Two Liberal MPs in the Toronto area have broken ranks with the Trudeau government regarding Israel’s assault on Gaza, endorsing an arms embargo on Israel until it complies with international law.

As of March 11, Israel’s attacks have killed more than 31,000 people in Gaza, including 12,300 children, according to Palestinian health officials. Another 8,000 people are believed to be buried under rubble.

Meanwhile, the Israeli military continues to impede deliveries of humanitarian aid entering the besieged enclave, and has repeatedly fired on aid trucks.

On March 5, a coalition of Palestinian-Canadians with family in Gaza and lawyers and human rights advocates filed a lawsuit against Foreign Affairs Minister Mélanie Joly, arguing that military exports to Israel violate Canadian and international law.

Davenport MP Julie Dzerowicz announced her support for suspending Canada’s arms exports to Israel in a statement published on March 1. The statement was an update of an earlier version that did not include such a call.

In the updated statement, Dzerowicz acknowledged that she’s had “many” constituents contact her office calling for an end to arms exports to Israel, sanctions on Israel and severing diplomatic ties with the state.

Torontonians Keep Pressure On Liberal MPs: ‘Stop Arming Israel’s Genocide’
Photo credit: Nur Dogan.

Dzerowicz approvingly cited the Office of the United Nations High Commissioner for Human Rights’ February 23 statement calling for an immediate halt on all arms exports to Israel. “I support their calls for an arms embargo,” Dzerowicz said.

The Maple reached out to the 23 Liberal MPs who signed an October 17 petition calling for an immediate ceasefire in Gaza two months before Prime Minister Justin Trudeau did, asking whether they share Dzerowicz’s position on arms exports to Israel. Dzerowicz was not a signatory to the October petition.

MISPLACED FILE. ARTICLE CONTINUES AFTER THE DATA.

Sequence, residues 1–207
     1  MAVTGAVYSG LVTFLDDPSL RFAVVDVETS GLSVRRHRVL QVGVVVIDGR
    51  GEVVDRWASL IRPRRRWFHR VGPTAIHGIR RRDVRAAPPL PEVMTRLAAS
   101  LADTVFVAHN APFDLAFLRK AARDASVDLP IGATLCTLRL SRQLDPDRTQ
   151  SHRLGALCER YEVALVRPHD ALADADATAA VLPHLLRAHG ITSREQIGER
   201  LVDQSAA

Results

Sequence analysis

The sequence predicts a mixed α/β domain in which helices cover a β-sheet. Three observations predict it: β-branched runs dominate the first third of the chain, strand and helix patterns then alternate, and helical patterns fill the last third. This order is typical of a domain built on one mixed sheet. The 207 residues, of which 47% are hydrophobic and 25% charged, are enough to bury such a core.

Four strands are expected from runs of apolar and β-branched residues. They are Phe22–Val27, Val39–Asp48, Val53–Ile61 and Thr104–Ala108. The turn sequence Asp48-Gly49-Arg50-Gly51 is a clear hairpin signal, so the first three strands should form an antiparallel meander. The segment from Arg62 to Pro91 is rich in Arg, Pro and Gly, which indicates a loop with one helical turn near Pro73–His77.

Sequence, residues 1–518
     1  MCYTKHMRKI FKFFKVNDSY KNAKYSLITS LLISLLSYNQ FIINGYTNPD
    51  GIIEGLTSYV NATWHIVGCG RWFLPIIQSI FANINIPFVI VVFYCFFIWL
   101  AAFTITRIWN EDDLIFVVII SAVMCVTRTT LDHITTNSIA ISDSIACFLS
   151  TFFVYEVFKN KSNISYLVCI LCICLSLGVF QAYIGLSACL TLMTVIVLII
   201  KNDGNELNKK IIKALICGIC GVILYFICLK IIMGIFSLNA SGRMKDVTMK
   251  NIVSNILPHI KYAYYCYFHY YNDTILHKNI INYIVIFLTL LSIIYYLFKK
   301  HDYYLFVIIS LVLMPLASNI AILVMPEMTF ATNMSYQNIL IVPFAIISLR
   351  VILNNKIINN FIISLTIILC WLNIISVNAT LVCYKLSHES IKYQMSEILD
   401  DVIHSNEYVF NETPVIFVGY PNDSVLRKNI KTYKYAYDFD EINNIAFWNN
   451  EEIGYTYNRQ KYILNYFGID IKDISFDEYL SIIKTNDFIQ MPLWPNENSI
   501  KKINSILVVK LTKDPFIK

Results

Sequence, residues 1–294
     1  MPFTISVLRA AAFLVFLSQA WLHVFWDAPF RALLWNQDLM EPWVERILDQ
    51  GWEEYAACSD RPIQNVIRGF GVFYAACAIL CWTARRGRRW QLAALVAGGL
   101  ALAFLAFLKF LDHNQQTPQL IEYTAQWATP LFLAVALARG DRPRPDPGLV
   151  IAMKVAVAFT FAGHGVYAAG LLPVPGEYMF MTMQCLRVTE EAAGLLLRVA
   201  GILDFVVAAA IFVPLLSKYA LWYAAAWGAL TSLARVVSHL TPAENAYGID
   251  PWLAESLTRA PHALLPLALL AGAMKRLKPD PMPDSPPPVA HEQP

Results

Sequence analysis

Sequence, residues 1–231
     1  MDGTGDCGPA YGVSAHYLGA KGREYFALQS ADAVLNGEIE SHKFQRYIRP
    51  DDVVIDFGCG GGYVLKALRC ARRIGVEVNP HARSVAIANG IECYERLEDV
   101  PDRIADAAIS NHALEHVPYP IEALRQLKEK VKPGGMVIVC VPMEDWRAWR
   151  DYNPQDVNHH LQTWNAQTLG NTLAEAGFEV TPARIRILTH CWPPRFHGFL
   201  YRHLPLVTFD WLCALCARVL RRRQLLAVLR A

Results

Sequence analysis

The only response came from Beaches-East York MP Nathaniel Erskine-Smith, who provided a link to a February 17 post on his Substack newsletter calling for Global Affairs Canada (GAC) to review whether or not Canadian military exports to Israel comply with the international Arms Trade Treaty, to which Canada is a signatory, and the domestic Export and Import Permits Act (EIPA).

EIPA stipulates that military export permits cannot be granted if the products “could be used to commit or facilitate a serious violation of international human rights law […] or serious acts of violence against women and children.”

“As Global Affairs reviews and reconsiders its position, we should pause any further exports for the foreseeable future,” Erskine-Smith added in his email to The Maple.

Three other Liberals — Shafqat Ali, Joël Lightbound and Canada-Palestine Parliamentary Friendship Group chair Salma Zahid — have entertained the possibility of supporting an arms embargo in the wake of the International Court of Justice’s (ICJ) preliminary ruling that Israel is plausibly committing genocide in Gaza, as has Bloc Québécois Leader Yves-François Blanchet. None of these MPs, however, have publicly endorsed an arms embargo.